EU, Norway ink fishing arrangements for 2020

Published on
December 18, 2019

Three fisheries arrangements for 2020 have been agreed by the E.U. and Norway, with the two parties settling on a 50 percent cut in the total allowable catch (TAC) for North Sea cod.

Following negotiation rounds in November and December, two bilateral arrangements and a neighboring arrangement were signed. The bilateral arrangements cover the North Sea and the Atlantic, and Skagerrak and Kattegat, whilst the neighboring arrangement covers the Swedish fishery in Norwegian waters of the North Sea.

The E.U. and Norway agreed on quotas for the jointly managed cod, haddock, plaice, whiting, herring, and saithe stocks in the North Sea, and Skagerrak cod, haddock, whiting, plaice, shrimp, herring, and sprat, as well as an exchange of reciprocal fishing possibilities.

In the North Sea, five out of six stocks jointly-managed with Norway have been set in line with scientific advice from the International Council for the Exploration of the Sea (ICES), at maximum sustainable yield (MSY) levels. This has resulted in 2020 quota reductions for saithe (down 15 percent) and whiting (down 13 percent) at 88,093 MT and 22,082 MT, respectively, while the haddock quota has been raised by 23 percent to 41,818 metric tons (MT) and plaice was increased by 17 percent to 166,499 MT. A rollover quota of 385,008 MT was set for herring.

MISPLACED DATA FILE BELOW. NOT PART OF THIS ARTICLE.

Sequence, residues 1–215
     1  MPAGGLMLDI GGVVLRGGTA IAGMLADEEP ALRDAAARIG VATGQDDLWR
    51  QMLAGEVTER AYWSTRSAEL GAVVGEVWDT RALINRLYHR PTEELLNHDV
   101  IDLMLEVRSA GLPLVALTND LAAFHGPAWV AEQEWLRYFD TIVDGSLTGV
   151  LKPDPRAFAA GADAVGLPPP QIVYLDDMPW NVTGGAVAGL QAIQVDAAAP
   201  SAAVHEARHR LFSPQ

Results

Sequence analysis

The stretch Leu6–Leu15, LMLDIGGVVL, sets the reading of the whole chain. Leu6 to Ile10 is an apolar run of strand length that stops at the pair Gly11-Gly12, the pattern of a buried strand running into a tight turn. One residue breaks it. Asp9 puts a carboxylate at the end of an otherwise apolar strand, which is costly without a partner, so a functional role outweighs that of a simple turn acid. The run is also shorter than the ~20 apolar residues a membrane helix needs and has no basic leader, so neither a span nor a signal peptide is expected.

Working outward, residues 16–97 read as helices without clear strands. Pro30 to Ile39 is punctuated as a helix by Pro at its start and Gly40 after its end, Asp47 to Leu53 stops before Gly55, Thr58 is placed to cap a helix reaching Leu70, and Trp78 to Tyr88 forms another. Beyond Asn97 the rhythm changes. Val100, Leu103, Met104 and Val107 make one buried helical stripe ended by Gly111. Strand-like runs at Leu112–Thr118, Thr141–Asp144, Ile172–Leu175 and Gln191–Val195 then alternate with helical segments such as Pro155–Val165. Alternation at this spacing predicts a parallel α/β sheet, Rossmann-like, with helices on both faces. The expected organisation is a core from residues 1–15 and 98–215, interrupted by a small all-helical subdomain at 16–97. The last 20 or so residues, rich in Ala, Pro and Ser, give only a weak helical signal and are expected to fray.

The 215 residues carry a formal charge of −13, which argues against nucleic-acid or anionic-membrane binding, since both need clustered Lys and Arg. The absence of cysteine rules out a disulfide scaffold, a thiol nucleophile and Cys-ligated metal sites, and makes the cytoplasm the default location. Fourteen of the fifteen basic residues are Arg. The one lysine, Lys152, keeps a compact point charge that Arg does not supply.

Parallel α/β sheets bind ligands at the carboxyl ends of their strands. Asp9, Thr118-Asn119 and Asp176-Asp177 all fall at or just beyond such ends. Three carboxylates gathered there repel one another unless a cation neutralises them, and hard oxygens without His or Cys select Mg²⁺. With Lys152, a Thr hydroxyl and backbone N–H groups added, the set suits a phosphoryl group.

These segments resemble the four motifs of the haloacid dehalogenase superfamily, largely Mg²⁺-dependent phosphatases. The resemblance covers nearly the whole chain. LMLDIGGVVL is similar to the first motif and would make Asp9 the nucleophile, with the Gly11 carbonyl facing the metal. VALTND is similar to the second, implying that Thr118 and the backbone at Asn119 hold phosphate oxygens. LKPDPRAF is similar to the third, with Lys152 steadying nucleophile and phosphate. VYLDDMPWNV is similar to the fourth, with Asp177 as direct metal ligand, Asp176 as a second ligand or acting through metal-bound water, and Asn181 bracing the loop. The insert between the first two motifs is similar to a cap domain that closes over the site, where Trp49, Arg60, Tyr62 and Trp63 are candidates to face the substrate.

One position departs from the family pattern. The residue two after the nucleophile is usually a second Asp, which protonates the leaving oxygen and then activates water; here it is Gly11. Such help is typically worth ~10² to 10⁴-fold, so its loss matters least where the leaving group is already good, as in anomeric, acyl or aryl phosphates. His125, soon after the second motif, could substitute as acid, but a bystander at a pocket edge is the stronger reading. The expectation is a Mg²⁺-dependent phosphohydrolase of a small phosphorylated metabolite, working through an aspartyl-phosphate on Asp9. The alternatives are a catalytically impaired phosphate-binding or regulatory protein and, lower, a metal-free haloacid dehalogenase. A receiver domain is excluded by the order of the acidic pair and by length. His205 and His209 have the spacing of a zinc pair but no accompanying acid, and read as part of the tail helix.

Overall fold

For the North Sea cod stock, the E.U. had advocated for a strict application of the MSY approach for 2020, which would have resulted in a 61 percent TAC decrease. However, the final TAC was set at 17,679 MT, half that of 2019, representing a less ambitious decrease than the E.U. had hoped for.

But the two parties have agreed to implement a range of additional measures to protect adult and juvenile cod during the year, including area closures. The E.U. will also implement a specific control and inspection program to further reduce catches of juveniles.

The E.U. and Norway also agreed to roll over last year’s agreement on quota exchanges. Specifically, the E.U. received more than 21,518 MT of Arctic cod. 

Photo courtesy of /Shutterstock

Contributing Editor reporting from London, UK

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